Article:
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NEWS UPDATES Asean Affairs    6 July 2012

Thailand prepares action plan to deal with impact of EU crisis


Thailand economic ministers have outlined measures across six areas to counter the intensifying impact of the eurozone crisis, as associated risks remain significant despite the agreements reached by European Union leaders last week.

After a meeting chaired yesterday by Prime Minister Yingluck Shinawatra, Deputy Prime Minister and Finance Minister Kittiratt Na-Ranong said that despite a clearer solution emerging from the EU summit, the euro zone crisis would remain heated for some time, now that Slovakia has become the sixth euro country to seek a bail-out.

The six measures arising from the economic ministers' meeting are: Maintaining macroeconomic strengths: While the baht has weakened to a level satisfactory to exporters, the policy interest rate is also at a satisfactory level in light of moderate inflation. On oil prices, the Oil Fund is still capable of intervening in the market, despite its negative cash flow of 16 billion baht (US$507 million).

Speeding up budget disbursement: At least 75 per cent of the 2012 budget (running through to September 30) will be disbursed, against 74 per cent in the previous fiscal year.

Seeking new markets for exporters: This would help replace diminishing demand from Europe.

Assisting labour: Training sessions by the Labour and Industry ministries should be a must for new graduates.

Increasing tourism income: The reopening of Don Mueang Airport, starting with a soft opening next month, should play a part in increasing the number of international arrivals.

Providing assistance to specific industries: The textile/garment, jewellery and electronics industries have been hit hard by the euro-zone crisis. The Export and Import Bank of Thailand has been assigned to extend liquidity worth 100 billion baht ($3.17 billion), aside from the export credit insurance facility worth 40 billion baht ($1.26 billion).

Economic ministers also see the need to support the prices of crops such as para rubber, which have only slowly crept up despite an increase in oil prices.

Kittiratt also said the political impasse in Thailand could affect the government's economic policies and erode the country's image.

Earlier, he said the Kingdom had enough ammunition to ward off negative impacts. He also envisaged a stock support fund, in case of a slump in the Stock Exchange of Thailand (SET).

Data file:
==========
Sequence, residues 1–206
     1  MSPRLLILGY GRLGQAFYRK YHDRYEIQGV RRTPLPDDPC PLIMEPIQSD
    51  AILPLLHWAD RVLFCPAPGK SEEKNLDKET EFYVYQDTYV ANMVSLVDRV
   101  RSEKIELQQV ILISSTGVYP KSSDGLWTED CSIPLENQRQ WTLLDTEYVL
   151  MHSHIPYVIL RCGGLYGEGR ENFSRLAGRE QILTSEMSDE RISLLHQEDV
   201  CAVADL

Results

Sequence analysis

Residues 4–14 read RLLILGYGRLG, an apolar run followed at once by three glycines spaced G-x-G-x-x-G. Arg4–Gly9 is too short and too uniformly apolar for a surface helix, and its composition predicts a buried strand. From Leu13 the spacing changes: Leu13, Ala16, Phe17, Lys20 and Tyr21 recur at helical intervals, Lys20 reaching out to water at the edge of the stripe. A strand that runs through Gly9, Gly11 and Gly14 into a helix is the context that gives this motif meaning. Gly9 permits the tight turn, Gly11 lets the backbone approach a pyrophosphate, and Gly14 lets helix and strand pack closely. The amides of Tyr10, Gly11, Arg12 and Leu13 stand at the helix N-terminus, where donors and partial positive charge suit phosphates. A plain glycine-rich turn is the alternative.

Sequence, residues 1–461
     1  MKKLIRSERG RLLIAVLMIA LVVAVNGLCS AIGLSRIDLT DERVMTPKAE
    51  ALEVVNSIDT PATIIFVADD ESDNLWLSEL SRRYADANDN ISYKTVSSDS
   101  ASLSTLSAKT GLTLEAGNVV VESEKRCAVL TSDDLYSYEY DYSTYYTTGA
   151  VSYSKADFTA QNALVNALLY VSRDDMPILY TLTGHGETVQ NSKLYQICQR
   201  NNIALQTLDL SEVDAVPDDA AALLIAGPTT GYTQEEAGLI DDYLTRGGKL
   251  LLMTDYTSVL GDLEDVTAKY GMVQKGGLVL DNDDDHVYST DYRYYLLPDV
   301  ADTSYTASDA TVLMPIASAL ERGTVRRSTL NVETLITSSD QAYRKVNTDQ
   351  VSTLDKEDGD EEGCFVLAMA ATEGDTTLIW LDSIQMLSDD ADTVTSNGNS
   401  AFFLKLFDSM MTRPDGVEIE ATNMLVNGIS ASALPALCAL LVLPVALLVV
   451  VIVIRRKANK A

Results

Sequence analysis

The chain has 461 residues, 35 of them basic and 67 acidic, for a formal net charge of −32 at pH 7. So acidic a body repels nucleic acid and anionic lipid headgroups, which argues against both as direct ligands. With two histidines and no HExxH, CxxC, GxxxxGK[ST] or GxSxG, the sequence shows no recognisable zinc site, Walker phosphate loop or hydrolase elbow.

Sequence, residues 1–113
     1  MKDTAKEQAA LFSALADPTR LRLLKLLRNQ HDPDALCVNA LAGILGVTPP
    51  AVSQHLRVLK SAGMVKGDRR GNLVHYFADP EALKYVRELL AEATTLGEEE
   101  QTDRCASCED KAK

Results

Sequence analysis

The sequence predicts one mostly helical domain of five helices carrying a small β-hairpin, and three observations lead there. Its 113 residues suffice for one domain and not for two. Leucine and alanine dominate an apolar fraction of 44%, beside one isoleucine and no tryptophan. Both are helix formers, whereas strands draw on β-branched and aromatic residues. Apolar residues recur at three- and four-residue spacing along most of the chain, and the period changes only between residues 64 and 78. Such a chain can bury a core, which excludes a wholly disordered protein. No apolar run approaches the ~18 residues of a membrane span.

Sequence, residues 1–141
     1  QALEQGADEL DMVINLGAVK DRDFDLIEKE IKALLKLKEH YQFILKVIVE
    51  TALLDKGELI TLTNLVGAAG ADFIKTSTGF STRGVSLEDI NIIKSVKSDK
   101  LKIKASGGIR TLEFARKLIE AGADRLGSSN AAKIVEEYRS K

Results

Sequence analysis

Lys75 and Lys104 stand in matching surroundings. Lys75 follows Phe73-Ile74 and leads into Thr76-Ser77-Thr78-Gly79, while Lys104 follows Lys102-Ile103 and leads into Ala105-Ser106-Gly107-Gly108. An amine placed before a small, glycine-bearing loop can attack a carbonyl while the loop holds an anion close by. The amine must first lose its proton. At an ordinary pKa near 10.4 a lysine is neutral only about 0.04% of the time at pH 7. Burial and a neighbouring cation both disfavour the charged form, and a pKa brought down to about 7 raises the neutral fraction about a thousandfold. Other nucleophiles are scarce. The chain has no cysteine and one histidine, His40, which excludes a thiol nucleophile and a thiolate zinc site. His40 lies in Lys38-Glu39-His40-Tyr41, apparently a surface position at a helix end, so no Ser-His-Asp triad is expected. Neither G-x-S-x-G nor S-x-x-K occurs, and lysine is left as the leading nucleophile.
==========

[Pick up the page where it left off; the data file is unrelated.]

Last week, EU leaders agreed in principle to allow the grouping's bail-out fund to buy bonds on the secondary market to drive down countries' borrowing costs if they comply with EU economic recommendations, and to create a banking regulator under the European Central Bank (ECB) with the power to rescue banks directly.

The agreements, viewed by many as a major climb-down by Germany, brought euphoria to global investors.

After days of advances, the SET Index yesterday eased by 3.92 points or 0.33 per cent to close at 1,194.15.

In its third-quarter investment focus, HSBC is overweight on Thailand, along with China and Taiwan. Thai shares are expected to rise further thanks to supportive monetary policy, expectations of growth surprises, abating political risks and valuations that support earnings growth of listed companies, it said.

SET turnover yesterday exceeded 30 billion baht ($951 million) for the first time in days. In the three trading days so far this month, foreigners remained net-buyers with a net-buy position of 1.25 billion baht ($39 million) but yesterday their sales exceeded purchases by 2.2 billion baht ($69 million).

While praising European leaders for the agreements reached last week, Standard & Poor's Ratings Services also foresees some associated risks.

In an article yesterday, the rating agency said some relief could be in sight for sovereigns in the European Economic and Monetary Union (euro zone) as a result of the agreements.

"In our view, these agreements could begin to stabilise the euro zone and staunch any further weakening of sovereign creditworthiness," it said.

"Measures that stabilise cross-border capital flows are now complementing fiscal austerity programmes."

Yet S&P believes the risks associated with implementing these measures are significant, and it is unclear whether policy-makers will be able to build on the agreements.

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It is commonplace in journalism to write two types of articles at the transition point between the year that has passed and the New Year. As this writer qualifies as an “old hand” in observing Thailand with a track record dating back 14 years, it is time take a shot at what may unfold in Thailand in 2011.

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